Increasingly Epworth comes across issues relating to children in its ethical work, reflecting society’s growing focus on child health and protection. Consequently, when Epworth carries out ethical research on a company, children’s issues are being identified with greater frequency.
Healthy and Adequate Nutrition
Child obesity is a major and growing problem in most developed countries including the UK. The UK government has identified heavy advertising of snack foods by food manufacturers during children’s television programmes as a contributory factor to obesity as it encourages increased consumption of snack foods. Other concerns include the quality of school meals produced by private contractors (support services), and placing of commercial vending machines for sweets and soft drinks in schools.
At the opposite extreme, it is believed that millions of children in developing countries suffer from acute malnutrition due to famines, with many more suffering from chronic malnutrition. Child malnutrition is not just a problem overseas, as poorer UK families may struggle to eat healthily on a low income.
Alcohol, Tobacco, and Gambling
Poor adult health resulting from alcohol or drug abuse has a particularly negative impact on children. Alcohol abuse and excessive gambling are also major contributors to family break-up, which can also arise from debt problems.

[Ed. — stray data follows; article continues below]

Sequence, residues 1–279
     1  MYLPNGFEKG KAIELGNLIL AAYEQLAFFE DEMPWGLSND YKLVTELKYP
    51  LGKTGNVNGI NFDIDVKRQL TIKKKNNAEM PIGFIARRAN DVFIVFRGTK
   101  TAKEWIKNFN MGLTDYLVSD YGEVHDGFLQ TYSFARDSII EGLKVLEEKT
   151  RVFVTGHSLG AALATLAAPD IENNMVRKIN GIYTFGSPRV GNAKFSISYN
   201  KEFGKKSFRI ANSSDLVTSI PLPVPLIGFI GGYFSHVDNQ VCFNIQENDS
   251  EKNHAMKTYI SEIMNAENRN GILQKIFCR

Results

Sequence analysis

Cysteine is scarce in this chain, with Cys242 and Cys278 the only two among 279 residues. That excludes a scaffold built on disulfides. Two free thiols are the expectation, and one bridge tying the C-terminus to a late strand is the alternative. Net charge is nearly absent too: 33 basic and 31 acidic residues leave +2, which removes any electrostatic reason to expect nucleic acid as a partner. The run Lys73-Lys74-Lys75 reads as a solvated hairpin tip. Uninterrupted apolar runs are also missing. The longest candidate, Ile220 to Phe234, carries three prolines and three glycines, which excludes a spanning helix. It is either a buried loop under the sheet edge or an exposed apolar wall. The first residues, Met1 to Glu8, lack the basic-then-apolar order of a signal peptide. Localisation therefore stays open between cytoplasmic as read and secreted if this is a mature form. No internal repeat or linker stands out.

Similarly, the use of alcohol, tobacco products and involvement in gambling are major concerns for children’s physical health and general welfare. Epworth’s avoidance of alcohol producers, tobacco producers, and gambling services would seem appropriate. However, many retailers derive a substantial proportion of their turnover from these products, with particular concern about products designed to attract children such as alcopops, and cheap own brand cigarettes.
Bonded Child Labour
There is increasing concern in a variety of areas about the use of bonded child labour, i.e. children effectively sold into slavery. Epworth has investigated West African cocoa plantations in this context. Serious concerns have also been voiced about the use of bonded child labour in textile manufacturing in Asia. It is important that UK based companies and their suppliers enforce global standards limiting the use of child labour and setting clear standards for child protection where it occurs.